East Anglian Early Neolithic monument burial linked to contemporary Megaliths
Wohns, Anthony Wilder
Annals of Human Biology
Taylor & Francis
MetadataShow full item record
Scheib, C., Hui, R., D'Atanasio, E., Wohns, A. W., Inskip, S. A., Rose, A., Cessford, C., et al. (2019). East Anglian Early Neolithic monument burial linked to contemporary Megaliths. Annals of Human Biology, 46 (2), 145-149. https://doi.org/10.1080/03014460.2019.1623912
In the fourth millennium BCE a cultural phenomenon of monumental burial structures spread along the Atlantic façade. Megalithic burials have been targeted for aDNA analyses, but a gap remains in East Anglia where Neolithic structures were generally earthen or timber. An early Neolithic (3762 – 3648 cal. BCE) burial monument at the site of Trumpington Meadows, Cambridgeshire, U.K. contained the partially articulated remains of at least three individuals. To determine whether this monument fits a pattern present in megalithic burials regarding sex bias, kinship, diet, and relationship to modern populations, teeth and ribs were analysed for DNA and carbon and nitrogen isotopic values respectively. Whole ancient genomes were sequenced from two individuals to a mean genomic coverage of 1.6 and 1.2X and genotypes imputed. Results show that they were brothers from a small population genetically and isotopically similar to previously published British Neolithic individuals, with a level of genome-wide homozygosity consistent with a small island population sourced from continental Europe, but bearing no signs of recent inbreeding. The first Neolithic whole genomes from a monumental burial in East Anglia confirm that this region was connected with the larger pattern of Neolithic megaliths in the British Isles and the Atlantic façade.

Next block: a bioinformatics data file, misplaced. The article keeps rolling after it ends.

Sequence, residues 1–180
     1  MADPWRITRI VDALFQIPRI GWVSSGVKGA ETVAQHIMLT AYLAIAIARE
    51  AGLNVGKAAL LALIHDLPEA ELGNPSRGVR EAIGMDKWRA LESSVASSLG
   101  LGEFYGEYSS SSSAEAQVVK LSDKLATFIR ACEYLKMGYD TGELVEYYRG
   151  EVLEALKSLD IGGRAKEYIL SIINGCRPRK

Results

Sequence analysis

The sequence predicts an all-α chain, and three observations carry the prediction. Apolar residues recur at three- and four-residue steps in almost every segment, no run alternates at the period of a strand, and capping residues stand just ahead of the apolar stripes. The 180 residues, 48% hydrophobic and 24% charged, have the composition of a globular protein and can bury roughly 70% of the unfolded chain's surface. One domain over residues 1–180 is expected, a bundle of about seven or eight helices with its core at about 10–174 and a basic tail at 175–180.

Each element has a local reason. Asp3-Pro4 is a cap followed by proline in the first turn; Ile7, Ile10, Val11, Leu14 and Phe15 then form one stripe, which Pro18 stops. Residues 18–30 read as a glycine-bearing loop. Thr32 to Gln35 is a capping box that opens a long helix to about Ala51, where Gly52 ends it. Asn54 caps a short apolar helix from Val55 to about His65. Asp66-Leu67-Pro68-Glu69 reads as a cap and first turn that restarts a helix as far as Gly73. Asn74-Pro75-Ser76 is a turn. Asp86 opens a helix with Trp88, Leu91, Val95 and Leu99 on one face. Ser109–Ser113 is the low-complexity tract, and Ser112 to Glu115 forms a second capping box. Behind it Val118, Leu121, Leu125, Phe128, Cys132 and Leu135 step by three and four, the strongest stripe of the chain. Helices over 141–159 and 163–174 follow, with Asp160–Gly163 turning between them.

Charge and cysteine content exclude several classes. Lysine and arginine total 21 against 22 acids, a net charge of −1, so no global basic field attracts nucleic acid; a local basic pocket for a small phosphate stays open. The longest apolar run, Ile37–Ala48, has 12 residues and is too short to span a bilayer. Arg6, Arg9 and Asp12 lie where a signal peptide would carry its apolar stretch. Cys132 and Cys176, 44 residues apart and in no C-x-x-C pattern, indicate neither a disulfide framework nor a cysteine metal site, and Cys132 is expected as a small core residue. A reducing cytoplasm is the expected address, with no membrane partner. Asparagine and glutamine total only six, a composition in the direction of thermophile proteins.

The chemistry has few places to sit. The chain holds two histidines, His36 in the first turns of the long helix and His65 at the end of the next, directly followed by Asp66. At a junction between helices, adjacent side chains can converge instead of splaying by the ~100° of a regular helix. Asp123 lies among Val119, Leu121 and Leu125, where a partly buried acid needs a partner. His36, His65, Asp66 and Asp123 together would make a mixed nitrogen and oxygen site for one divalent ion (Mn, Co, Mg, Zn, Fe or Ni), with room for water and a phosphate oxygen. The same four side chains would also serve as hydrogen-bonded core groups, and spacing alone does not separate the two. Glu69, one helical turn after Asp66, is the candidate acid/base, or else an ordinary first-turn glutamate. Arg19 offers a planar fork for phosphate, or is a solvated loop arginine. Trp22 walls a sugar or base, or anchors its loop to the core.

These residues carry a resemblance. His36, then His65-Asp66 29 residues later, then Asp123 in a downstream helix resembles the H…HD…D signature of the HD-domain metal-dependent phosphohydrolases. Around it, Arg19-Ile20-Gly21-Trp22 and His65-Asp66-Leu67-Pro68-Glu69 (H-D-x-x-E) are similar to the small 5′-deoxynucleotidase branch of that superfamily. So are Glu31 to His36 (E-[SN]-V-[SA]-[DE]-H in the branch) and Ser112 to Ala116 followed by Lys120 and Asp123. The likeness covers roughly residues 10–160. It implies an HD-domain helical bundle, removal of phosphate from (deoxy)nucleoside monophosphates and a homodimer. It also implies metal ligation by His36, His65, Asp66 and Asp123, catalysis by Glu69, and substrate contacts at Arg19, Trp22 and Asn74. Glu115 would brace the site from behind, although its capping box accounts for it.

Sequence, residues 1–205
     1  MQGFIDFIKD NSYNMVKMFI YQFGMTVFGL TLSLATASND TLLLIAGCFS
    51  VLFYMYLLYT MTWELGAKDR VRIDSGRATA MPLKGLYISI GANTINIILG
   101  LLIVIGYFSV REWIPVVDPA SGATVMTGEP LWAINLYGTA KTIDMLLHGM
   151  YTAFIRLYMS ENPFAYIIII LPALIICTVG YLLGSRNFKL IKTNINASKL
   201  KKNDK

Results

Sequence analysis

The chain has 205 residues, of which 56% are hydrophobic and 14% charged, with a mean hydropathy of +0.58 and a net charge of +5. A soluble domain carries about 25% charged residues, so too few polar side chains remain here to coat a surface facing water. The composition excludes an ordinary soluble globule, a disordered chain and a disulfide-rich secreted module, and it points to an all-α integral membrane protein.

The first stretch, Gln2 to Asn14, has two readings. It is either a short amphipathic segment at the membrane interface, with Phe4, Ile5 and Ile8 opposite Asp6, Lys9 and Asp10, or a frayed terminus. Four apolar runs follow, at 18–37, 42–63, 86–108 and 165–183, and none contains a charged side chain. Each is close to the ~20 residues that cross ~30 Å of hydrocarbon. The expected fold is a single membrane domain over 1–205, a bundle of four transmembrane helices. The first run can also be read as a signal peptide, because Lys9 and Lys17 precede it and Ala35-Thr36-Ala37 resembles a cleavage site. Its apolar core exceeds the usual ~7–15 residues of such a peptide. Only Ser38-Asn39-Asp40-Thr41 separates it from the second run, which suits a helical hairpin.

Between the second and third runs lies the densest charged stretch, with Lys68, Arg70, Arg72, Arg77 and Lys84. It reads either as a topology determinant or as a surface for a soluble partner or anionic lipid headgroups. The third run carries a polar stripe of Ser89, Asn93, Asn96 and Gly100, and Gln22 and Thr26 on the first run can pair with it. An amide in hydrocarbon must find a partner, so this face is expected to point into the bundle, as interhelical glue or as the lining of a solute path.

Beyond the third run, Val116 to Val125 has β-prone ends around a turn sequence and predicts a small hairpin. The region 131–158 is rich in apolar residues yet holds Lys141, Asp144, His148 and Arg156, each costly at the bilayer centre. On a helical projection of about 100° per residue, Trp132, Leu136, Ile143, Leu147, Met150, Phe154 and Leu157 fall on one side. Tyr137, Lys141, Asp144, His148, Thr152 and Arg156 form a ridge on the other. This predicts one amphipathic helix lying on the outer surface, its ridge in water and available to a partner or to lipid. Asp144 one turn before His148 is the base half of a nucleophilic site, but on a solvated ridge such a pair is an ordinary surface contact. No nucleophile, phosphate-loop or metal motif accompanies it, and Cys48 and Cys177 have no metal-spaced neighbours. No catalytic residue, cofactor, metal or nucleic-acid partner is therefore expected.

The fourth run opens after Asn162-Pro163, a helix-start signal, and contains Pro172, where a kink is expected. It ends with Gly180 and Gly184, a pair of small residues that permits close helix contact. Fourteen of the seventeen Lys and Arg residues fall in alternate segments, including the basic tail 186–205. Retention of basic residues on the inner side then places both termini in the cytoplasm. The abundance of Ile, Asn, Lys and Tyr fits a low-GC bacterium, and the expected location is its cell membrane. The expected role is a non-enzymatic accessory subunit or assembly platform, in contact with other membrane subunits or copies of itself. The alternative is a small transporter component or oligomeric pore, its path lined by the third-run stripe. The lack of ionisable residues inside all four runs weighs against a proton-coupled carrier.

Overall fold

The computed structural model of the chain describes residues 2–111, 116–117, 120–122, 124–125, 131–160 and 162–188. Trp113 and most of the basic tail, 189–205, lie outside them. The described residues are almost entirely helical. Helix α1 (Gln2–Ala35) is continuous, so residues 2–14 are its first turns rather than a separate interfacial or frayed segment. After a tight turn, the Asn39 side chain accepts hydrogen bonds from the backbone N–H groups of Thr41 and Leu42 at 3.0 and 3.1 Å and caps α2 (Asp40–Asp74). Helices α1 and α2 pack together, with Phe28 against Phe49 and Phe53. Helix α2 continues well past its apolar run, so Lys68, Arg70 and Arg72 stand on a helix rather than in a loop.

This work is supported by the Wellcome Trust (Award no. 2000368/Z/15/Z) and St John's College, Cambridge (J.E.R., T.K., R.H., S.A.I, A.R., T.C.O’C., C.C.); the European Union through the European Regional Development Fund (Project No. 2014-2020.4.01.16-0030) (C.L.S.); and the Estonian Research Council personal research grant (PRG243) (C.L.S). E.D’A was supported by Sapienza University of Rome fellowship “borsa di studio per attività di perfezionamento all’estero 2017”.
WELLCOME TRUST (200368/Z/15/Z)
External DOI: https://doi.org/10.1080/03014460.2019.1623912
This record's URL: https://www.repository.cam.ac.uk/handle/1810/293186
All rights reserved